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First time I jumped into a plane I was around 10 or 12 years old. The crew, moved by my innocent face and my dazzle, gave me a great gift: they allowed me to enter into the cabin where the pilot was commanding the flight. This is what I saw:
In previous posts WAF: False Positives vs. False Negatives and WAF: trade-off between false positives and false negatives, we talked about the importance of WAF accuracy and the strategy that Akamai follows when developing the system of proprietary rules (Kona Rule Set or KRS) that govern the WAF.
When we were young, we had fun playing hide and seek. As 5 year olds there were a limited number of places our friends could hide, and we could methodically check each one and then giggle when we found them. As we grew older, we expanded the boundaries of the game. Today, as security researchers, hide-and-seek is no longer so fun because the boundaries are nearly infinite. How do you
In the previous article, we introduced, arguably, the most important metric to measure WAF quality (in subsequent entries we will talk about WAF performance). But we left one question flying in the air: How can we achieve that our WAF rules provide a virtually null False Positive rate, keeping at the same time a very low percentage of False Negatives?
It's hard to miss all the media attention surrounding data breaches in healthcare. If you're involved in information security at a healthcare organization, it's no surprise to you that more than 143 million individuals have been affected by data breaches since HHS started tracking incidents in September 2009.
I said in my last article that one of the key factors when it comes to judging the effectiveness of a WAF is accuracy. There is a metric that, measured in an objective way, provides an unmistakable view of quality and accuracy of a WAF solution: false negatives and false positives.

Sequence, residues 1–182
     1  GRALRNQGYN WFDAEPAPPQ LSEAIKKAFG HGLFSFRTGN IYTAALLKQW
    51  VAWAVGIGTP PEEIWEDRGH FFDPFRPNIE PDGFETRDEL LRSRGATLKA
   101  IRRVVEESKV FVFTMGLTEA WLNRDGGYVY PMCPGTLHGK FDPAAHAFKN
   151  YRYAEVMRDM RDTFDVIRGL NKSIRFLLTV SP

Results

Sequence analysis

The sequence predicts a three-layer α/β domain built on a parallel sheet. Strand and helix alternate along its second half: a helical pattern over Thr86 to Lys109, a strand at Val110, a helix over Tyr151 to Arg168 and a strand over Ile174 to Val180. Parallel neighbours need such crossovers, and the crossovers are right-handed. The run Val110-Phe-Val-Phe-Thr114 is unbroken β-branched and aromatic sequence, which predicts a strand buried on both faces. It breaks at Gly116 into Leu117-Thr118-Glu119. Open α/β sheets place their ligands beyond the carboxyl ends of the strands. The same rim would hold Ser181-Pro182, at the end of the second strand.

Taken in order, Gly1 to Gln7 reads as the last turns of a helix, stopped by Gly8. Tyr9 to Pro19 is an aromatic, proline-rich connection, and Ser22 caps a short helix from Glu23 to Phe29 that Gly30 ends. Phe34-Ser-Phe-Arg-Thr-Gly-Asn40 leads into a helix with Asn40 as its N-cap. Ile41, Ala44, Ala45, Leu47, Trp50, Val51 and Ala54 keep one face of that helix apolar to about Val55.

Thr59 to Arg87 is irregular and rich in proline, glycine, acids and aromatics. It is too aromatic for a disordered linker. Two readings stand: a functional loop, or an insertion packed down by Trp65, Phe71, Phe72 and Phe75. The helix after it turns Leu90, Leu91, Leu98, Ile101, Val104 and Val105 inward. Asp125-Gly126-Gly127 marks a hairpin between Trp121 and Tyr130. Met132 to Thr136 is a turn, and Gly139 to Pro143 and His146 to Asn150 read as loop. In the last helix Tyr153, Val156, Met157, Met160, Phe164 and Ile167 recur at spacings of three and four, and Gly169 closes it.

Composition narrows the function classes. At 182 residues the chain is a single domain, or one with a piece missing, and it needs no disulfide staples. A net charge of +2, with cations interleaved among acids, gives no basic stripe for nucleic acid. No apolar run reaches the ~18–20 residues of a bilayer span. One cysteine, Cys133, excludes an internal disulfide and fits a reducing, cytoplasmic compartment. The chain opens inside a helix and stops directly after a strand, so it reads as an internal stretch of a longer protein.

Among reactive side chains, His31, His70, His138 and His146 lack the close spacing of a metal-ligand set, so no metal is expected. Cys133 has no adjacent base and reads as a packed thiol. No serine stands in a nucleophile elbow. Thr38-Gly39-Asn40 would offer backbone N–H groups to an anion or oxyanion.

The Q3 2015 State of the Internet Security Report is now available for download at www.stateoftheinternet.com/security-report. Among the highlights: a continued upward trend in DDoS attacks, and attacks fueled by the easy availability of DDoS-for-hire sites that identify and abuse exposed Internet services, such as SSDP, NTP, DNS, CHARGEN, and even Quote of the Day.
Tangina Barros, the medium in the Poltergeist film series, taxes and Internet security. These three things have in common that they scare, they intimidate and they may keep you awake at night. With regards to the first two topics, the only thing I can do is remember that Poltergeist is just a movie, seriously, just a movie (I keep saying that to convince myself, quite unsuccessfully, though) and that
While hospitals are ramping up security efforts to protect information, a large percentage of them are vulnerable to attacks on their web sites. Less than two-thirds of hospitals participating in a recent survey reported having on-premise web application firewalls in place, and fewer than half reported having defenses in place to thwart distributed denial of service (DDoS) attacks. Read more here.